The Sensation of Sight
Well Worth A Peek

The films of David Lean, while almost without exception brilliant masterpieces of exquisite visual design, acting craft, and verbal sophistication, usually leave me emotionally cold.  As art, they astound me.  As tonic for the soul, they don’t do much.

Every once in a while, however, a small, quiet, and very imperfect work of art comes along that profoundly moves me.  Narrative films in this category include Mindwalk, Dust Devil, The Jack Bull, Once, The Dead Girl, and Steel City.

Add another: The Sensation of Sight.

I screened this film at what would turn out to be a pivotal time in my life and in my marriage, as Jenn I were struggling through the grief of disability.  For six long years, Jenn’s health has been in a steady and serious decline, with outlandish medical complications piling up one after the other.  A pseudo-narcoleptic sleep disorder took her out of the workplace a year ago, and during the last six months osteoporosis has led to over twenty rib fractures.  Jenn is 36. 

David Strathairn as Finn in The Sensation of SightFour years ago, we were forced to acknowledge that misery was no longer just a temporary state; in September, in the throes of physical anguish, we had to also begin contemplating a long future with unabated pain.  The grief has been, at times, nearly unbearable.

The state of grief is the central theme of The Sensation of Sight.  At its center is Finn, a traumatized former high school teacher who now wanders the streets of a small New Hampshire town selling volumes of the encyclopedia from a Radio Flyer.  Alice is on the run with her young child, living in a boarding house she shares with Finn.  Daisy tries to keep a stiff upper lip while nursing her father through a profound depression.  Dylan is back in town after a long forced absence, and Drifter is haunted by a tragic death.

Aside from the star-crossed paths that these characters (and others) share, they have all suffered devastating loss—some more recently than others—and are all in need of healing from profound grief.

I find it curious that, upon reflection, the film feels less Altmanesque than it should.  Like Crash—or more recently, Snow AngelsThe Sensation of Sight reaches exceedingly far in bringing disparate storylines together in often improbable ways.  Even more so than Gosford Park, the film also is so artily quiet and austere in tone that it often feels like you’d jump if you heard a pin drop somewhere down the street.  But somehow the sum of director Aaron J. Wiederspahn’s directorial debut comes off as far more organic than many of its cinematic siblings.  And this is because, whatever failings the film might have, it succeeds on a great many levels.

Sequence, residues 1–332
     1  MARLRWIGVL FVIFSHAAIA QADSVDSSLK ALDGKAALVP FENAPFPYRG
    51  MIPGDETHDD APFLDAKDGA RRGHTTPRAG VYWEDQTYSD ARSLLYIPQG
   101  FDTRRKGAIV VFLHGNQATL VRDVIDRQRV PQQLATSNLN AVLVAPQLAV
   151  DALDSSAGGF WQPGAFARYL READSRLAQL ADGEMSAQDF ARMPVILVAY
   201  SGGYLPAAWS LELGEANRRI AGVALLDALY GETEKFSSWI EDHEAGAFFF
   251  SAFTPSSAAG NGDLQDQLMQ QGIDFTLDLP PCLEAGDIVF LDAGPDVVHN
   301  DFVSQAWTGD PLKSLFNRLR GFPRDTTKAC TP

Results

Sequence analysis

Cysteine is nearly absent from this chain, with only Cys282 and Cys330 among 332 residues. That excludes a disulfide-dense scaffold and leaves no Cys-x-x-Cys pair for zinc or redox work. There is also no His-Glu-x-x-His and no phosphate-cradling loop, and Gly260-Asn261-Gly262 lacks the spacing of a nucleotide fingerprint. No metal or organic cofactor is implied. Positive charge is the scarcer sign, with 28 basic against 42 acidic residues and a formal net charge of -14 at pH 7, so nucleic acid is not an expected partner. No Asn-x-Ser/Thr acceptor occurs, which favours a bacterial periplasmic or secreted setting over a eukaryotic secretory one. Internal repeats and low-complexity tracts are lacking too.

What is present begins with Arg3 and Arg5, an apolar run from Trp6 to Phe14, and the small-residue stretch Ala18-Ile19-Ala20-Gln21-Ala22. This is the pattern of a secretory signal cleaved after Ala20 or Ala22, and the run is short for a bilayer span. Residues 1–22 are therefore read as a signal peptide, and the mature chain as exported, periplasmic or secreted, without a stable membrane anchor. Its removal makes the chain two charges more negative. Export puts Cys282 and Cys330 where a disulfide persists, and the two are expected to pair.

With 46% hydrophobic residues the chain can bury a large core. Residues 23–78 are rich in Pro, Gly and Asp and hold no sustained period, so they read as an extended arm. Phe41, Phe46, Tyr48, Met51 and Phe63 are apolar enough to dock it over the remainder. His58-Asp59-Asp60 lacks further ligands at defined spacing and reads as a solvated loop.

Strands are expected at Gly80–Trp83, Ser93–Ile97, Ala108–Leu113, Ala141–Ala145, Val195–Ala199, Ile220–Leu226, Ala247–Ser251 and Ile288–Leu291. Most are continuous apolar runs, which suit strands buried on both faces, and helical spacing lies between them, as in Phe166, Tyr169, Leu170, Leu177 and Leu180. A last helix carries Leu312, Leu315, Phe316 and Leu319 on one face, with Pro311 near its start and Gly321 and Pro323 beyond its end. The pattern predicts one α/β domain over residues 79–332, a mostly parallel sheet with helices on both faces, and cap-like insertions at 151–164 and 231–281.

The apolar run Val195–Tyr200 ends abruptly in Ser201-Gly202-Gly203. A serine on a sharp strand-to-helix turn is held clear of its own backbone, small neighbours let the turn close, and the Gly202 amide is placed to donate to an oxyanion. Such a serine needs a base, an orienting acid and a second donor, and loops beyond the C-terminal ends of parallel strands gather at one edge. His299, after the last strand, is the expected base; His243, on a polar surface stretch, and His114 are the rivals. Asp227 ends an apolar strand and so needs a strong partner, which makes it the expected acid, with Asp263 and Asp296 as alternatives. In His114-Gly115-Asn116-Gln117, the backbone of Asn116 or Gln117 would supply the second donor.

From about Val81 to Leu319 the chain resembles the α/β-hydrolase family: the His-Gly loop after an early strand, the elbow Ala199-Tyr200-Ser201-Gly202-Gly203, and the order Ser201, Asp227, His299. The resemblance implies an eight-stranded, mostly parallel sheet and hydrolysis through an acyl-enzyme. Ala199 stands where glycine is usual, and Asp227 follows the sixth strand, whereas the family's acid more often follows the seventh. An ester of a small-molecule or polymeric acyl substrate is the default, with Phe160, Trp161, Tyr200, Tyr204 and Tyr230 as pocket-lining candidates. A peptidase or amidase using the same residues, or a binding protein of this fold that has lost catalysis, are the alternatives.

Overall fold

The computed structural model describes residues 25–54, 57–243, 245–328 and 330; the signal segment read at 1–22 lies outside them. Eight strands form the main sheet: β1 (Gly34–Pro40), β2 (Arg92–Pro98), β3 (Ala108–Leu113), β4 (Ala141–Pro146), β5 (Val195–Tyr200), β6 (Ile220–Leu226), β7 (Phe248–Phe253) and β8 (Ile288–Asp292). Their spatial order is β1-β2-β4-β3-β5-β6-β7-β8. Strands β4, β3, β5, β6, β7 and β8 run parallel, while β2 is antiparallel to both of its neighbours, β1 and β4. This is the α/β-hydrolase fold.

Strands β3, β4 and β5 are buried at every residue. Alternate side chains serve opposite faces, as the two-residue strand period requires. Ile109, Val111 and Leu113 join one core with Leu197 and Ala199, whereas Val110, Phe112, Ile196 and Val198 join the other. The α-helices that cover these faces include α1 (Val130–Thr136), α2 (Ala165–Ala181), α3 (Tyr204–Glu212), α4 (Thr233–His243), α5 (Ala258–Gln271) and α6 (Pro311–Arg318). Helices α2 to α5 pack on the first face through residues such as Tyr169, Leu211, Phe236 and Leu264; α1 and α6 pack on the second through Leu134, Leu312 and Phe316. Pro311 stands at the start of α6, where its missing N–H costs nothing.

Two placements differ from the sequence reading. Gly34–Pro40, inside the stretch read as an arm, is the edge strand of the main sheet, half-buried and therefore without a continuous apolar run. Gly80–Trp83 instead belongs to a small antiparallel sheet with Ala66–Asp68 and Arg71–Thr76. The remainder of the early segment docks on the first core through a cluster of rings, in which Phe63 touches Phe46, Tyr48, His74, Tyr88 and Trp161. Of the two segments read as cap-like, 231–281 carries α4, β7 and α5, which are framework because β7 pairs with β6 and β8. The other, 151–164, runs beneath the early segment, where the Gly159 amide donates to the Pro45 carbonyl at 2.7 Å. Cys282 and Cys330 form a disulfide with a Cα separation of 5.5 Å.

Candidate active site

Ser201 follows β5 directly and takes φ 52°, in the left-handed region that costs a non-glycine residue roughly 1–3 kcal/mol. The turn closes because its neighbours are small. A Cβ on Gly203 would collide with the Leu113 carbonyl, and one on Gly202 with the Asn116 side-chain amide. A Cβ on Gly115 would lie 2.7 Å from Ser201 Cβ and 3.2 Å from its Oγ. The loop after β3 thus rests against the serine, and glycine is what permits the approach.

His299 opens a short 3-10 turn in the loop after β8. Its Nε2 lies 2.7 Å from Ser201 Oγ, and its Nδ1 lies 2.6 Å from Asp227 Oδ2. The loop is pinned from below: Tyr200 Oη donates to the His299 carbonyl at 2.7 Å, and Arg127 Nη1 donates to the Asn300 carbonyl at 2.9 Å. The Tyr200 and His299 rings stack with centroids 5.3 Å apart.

First and foremost, a story which ought to be melodramatically predictable never quite goes where you expect it. From the extended cryptic opening shot to the conclusion in which we finally determine that shot’s significance, this is a domestic mystery at heart; and the questions it raises—Who is Drifter’s shadow? Why is Finn selling single volumes of an encyclopedia set? How is Dylan connected to anybody?  Why does that kid run away from what appears to be a dead body?—are all creatively and satisfyingly answered.  None of Wiederspahn’s plot twists come off as story conference whims or the inventions of a too-clever-for words screenwriting phenom.

Second, the production and sound design are a completely perfect match for the subject matter and tone.  They are spare, precise, elegant, somber, poignant, and haunting.

Third, the performances are all absolutely first rate.  Characters in grief can often come off as completely drained emotional ciphers, particularly when we don’t know the cause of their pain.  But Wiederspahn coaxes subtleties out of each of his cast members that remind us of the humanity within us all.  Like Snow Angels, Steel City, and The Dead Girl, The Sensation of Sight is a cinematic world occupied not by Hollywood personalities or comic book archetypes but by real people with real faces, bodies, and behaviors.  Even in a completely silent role, Joe Mazzello communicates more reality under Wiederspahn’s direction than most of the cast of The Women combined.

Leading the list here is David Strathairn as Finn in what may well be the defining performance of his career, even if it isn’t worthy of the Academy’s attention.  Also deserving special mention are Jane Adams as Alice, Daniel Gillies as Dylan, and Elisabeth Waterston as Daisy—but I could go at length about everyone in Sensation.

So how did this film affect me?  It showed me that living in grief can be debilitating, that it’s not fair to the people around you, and that it’s not fair to yourself.  At some point you have to close the door on what no longer can be and open the door to what the future holds—even if it is a world of pain.  At least it’s yours, and at least you feel it.

The Sensation of Sight is rated R for “some language.”  I’m actually glad that Wiederspahn’s script includes some salty talk; otherwise the film might have merely earned a PG-13 for “thematic material.”  But this story could come as quite a shock were it not for its R rating.  It’s a film for thought, and a film for adult reflection—and supervision where necessary.

Courtesy of a national publicist, Greg viewed a promotional screener of The Sensation of Sight, now available on DVD.